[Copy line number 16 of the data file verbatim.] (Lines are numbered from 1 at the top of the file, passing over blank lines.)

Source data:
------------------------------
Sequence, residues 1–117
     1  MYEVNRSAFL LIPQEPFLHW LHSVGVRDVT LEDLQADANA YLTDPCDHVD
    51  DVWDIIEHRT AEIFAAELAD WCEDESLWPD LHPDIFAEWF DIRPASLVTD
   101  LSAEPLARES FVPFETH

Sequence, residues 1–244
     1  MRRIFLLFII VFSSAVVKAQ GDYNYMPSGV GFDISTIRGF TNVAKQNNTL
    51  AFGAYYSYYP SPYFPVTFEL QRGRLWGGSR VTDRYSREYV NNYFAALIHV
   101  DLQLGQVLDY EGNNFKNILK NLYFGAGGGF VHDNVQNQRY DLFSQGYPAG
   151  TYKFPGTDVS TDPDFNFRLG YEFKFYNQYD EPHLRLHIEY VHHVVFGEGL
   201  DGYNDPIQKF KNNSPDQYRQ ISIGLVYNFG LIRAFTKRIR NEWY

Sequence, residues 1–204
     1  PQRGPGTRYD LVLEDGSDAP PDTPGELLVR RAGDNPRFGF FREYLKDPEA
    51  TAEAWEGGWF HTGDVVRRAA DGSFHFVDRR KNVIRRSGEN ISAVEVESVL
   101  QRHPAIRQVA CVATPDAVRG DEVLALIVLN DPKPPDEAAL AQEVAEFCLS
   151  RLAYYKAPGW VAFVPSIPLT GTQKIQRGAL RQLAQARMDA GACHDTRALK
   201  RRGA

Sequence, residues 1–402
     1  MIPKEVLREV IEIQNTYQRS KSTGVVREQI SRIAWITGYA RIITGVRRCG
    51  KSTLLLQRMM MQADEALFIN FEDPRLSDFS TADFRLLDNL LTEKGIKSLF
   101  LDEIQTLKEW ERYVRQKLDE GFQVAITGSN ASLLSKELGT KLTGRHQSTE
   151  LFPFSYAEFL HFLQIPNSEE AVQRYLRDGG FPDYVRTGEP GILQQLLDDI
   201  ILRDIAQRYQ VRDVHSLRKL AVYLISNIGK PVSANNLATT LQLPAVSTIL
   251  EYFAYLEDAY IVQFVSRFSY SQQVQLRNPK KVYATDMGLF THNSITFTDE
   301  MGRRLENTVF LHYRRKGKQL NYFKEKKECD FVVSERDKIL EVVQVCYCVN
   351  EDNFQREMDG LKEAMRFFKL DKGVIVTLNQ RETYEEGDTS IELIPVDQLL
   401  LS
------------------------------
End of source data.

   201  RRGA